Ford's Drug Driving suit forces you to feel high behind the wheel

Can a robotic suit stop young people from getting behind the wheel after taking drugs?

screen-shot-2015-11-23-at-11-30-57.png
Ford

Ford has introduced a robotic suit for learner drivers to demonstrate how taking drugs and getting behind the wheel feels -- and how accidents are bound to happen.

The automaker has already developed a suit which makes you feel like you've had a few too many beers when driving in order to show you how poorly you react to scenarios on the road when under the influence -- as well as revealed the results of a shocking survey which suggests one in four drivers think it's a good idea to take selfies behind the wheel.

We might not care too much about our own personal safety when drinking, taking drugs or messing about on our phones when driving -- but the problem is that our mistakes can end up being fatal to other, innocent parties.

Drunk and high drivers are 30 times more likely to become involved in a catastrophic crash behind the wheel, according to the automaker. Despite common sense dictating being anywhere near these drivers is a bad idea, one in 10 people are still happy to accept lifts from those they think are on drugs.

In order to combat these risk behaviours, Ford has adapted its drink driving suit to show new drivers how getting behind the wheel in such a state can destroy not only their lives but the lives of others through accidents.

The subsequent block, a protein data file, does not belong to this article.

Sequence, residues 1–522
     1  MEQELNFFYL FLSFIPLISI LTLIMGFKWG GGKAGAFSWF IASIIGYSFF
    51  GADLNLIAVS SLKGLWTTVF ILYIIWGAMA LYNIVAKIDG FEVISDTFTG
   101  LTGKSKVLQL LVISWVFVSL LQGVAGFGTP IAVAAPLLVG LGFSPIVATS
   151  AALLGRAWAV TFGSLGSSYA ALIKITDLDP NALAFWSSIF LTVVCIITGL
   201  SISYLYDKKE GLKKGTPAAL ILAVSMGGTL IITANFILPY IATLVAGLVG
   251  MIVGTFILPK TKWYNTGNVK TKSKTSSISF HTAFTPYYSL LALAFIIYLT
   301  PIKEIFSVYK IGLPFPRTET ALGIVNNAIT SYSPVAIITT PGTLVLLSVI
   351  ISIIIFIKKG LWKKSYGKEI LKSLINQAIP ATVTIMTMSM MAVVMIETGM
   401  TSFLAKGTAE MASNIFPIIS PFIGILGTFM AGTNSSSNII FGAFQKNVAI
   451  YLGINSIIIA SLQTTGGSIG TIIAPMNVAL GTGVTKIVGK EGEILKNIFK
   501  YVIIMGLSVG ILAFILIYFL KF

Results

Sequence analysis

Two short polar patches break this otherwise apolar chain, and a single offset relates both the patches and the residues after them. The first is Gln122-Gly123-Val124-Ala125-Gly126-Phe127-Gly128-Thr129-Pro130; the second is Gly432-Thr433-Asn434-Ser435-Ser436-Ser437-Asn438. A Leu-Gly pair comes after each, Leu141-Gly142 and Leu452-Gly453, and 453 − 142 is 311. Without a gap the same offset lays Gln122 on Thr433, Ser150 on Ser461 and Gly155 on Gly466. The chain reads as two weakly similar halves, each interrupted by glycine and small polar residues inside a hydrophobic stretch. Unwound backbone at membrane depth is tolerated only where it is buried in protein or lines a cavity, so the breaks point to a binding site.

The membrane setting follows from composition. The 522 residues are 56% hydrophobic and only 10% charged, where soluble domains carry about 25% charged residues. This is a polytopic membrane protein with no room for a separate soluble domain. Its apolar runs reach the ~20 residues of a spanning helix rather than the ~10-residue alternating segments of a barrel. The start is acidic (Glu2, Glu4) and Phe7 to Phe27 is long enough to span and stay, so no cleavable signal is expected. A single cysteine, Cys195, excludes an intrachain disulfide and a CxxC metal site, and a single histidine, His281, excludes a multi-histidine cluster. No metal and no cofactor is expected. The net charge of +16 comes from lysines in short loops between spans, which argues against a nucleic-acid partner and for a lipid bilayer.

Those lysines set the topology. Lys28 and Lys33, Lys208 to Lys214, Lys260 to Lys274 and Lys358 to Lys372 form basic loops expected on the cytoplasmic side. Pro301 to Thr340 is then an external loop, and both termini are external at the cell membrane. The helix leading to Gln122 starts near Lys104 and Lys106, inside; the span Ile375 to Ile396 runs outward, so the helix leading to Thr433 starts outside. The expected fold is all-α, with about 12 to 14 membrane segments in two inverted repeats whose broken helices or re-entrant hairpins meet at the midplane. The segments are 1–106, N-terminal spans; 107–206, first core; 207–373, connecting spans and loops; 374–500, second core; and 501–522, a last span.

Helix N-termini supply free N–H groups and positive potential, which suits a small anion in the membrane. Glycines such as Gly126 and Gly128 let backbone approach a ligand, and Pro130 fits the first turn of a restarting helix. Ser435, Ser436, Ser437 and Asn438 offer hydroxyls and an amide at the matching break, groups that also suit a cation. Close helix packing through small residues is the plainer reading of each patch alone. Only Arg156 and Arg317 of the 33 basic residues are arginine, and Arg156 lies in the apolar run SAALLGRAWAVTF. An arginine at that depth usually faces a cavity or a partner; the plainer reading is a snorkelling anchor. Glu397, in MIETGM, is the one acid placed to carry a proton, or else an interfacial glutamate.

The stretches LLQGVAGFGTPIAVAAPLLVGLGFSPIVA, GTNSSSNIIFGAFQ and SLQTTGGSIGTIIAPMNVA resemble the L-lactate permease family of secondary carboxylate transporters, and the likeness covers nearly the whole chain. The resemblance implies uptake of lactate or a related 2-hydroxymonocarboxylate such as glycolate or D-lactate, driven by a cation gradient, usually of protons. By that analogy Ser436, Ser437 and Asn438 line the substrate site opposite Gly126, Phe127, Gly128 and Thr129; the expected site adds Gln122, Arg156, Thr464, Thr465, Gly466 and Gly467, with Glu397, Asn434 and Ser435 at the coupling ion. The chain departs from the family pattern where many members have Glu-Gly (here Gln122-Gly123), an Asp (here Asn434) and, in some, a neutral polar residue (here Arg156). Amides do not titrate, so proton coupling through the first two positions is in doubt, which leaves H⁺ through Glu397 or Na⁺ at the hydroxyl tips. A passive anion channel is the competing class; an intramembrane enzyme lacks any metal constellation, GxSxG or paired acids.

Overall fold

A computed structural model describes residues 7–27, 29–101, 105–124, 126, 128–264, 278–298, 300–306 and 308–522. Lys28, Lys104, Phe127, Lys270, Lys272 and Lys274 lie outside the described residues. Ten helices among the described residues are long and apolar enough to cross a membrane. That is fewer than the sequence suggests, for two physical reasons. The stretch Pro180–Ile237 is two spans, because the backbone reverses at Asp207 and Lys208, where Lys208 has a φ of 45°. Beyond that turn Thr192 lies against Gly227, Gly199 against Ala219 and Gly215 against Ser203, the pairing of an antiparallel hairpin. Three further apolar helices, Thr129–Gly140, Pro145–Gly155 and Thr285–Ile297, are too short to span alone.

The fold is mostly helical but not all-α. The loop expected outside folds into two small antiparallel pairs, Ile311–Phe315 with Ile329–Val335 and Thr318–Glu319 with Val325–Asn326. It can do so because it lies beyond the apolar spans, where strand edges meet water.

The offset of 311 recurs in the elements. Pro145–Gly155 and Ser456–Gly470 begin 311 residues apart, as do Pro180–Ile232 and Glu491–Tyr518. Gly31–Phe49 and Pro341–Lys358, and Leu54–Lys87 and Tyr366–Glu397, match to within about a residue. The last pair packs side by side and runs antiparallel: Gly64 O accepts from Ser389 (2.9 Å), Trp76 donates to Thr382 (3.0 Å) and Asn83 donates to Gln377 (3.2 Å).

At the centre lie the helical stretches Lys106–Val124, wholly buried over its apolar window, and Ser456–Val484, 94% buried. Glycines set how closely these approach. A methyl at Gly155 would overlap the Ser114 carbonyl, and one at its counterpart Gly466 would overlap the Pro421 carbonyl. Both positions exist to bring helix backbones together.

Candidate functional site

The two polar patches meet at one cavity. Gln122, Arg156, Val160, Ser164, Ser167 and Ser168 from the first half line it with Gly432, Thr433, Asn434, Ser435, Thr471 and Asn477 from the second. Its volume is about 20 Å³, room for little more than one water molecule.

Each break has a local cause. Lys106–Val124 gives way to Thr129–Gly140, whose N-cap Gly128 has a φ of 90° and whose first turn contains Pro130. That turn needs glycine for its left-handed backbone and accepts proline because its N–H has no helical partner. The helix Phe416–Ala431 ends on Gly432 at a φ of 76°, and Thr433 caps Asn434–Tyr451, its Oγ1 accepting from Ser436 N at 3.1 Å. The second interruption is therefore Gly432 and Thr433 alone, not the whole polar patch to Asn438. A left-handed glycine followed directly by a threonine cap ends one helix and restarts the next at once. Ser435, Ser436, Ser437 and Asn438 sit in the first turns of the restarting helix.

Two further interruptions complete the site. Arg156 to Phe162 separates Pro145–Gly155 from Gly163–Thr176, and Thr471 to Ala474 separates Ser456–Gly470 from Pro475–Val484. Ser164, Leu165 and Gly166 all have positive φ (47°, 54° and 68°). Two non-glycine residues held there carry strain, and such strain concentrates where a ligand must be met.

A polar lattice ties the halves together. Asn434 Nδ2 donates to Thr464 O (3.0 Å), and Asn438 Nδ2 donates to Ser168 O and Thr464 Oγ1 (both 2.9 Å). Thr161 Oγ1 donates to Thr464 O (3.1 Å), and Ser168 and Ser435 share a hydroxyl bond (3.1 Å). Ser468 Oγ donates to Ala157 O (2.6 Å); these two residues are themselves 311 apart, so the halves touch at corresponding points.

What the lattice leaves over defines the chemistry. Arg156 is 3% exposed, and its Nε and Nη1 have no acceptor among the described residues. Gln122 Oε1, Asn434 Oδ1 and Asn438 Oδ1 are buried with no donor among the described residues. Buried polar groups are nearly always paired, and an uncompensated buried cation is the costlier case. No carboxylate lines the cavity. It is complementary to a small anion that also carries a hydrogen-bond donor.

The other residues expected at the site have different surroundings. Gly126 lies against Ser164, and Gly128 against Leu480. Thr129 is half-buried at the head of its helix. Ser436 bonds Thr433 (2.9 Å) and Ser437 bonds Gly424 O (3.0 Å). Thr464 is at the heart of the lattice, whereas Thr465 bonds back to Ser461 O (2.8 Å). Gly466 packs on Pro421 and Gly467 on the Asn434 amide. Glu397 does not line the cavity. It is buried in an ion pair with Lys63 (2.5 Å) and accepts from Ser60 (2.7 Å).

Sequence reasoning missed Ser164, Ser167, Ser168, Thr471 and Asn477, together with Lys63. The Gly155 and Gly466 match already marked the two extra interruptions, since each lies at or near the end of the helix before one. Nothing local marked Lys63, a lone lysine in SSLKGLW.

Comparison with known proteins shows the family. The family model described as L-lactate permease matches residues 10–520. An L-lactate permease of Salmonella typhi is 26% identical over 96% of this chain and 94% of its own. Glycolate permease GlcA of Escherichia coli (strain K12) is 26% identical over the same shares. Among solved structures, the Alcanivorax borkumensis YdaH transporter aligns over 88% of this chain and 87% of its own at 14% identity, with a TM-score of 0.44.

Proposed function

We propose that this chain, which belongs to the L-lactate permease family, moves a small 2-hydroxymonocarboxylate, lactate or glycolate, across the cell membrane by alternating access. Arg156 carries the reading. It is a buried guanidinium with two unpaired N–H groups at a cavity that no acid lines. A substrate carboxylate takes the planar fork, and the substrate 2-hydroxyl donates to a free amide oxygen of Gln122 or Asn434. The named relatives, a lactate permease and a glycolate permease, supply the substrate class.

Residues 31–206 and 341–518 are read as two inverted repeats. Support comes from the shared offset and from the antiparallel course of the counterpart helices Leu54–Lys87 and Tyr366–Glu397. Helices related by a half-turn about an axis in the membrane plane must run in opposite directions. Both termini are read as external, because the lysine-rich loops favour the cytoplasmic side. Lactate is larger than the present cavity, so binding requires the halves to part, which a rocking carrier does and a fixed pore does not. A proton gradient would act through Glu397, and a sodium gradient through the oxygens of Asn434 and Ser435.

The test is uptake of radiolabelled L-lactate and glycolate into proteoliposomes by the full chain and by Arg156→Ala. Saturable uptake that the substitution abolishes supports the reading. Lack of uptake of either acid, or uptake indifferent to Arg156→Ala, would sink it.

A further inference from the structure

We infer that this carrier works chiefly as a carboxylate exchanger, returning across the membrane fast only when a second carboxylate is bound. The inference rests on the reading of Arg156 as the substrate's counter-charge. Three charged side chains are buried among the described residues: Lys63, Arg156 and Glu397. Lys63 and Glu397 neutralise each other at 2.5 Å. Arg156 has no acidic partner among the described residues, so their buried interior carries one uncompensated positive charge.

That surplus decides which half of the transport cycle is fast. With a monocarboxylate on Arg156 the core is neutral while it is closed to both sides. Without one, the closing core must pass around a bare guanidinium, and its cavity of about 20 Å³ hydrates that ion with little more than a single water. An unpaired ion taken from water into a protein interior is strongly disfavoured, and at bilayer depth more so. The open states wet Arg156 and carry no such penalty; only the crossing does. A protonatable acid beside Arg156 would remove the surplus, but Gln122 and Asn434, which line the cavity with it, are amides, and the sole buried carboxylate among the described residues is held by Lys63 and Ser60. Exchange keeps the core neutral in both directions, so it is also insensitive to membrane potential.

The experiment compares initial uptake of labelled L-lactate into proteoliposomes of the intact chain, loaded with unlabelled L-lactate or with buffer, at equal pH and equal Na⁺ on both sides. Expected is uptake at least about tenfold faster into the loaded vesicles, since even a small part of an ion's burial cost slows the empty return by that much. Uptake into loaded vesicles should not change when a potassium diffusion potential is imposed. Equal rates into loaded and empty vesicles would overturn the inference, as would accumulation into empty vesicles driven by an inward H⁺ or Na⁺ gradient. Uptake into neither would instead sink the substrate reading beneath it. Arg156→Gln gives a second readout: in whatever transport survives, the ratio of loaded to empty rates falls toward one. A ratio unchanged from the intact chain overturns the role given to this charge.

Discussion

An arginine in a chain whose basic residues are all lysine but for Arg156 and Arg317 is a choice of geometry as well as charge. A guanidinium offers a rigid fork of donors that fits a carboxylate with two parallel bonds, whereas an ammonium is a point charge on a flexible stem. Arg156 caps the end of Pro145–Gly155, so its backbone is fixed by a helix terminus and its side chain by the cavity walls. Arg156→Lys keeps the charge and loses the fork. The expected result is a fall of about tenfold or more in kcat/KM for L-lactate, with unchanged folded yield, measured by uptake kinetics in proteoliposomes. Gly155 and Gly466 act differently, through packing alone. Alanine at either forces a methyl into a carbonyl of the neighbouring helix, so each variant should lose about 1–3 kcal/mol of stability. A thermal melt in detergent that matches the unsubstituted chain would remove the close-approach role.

The "Drug Driving suit," developed in tandem with the Meyer-Hentschel Institute in Germany, is designed to simulate the effects of cannabis, cocaine, heroin and MDMA. Equipped with padded weights, googles, headphones and lighting systems, the suit forces the drivers to endure slower reaction times, distorted vision, hand tremors and poor coordination.

"We know that some drugs can cause trembling hands, so we incorporated into the suit a device that creates just such a tremor," said Gundolf Meyer-Hentschel, CEO of the Meyer-Hentschel Institute.

"Drug users sometimes see flashing lights in their peripheral field, an effect recreated by our goggles, while imaginary sounds are generated by the headphones. Additionally, the goggles distort perception, and produce colourful visual sensations -- a side effect of LSD use."

The Drug Driving suit has been incorporated into Ford's Driving Skills for Life program, which teaches young learners driving skills worldwide.

Check out the results of the suit in the video below:

Read on: Top picks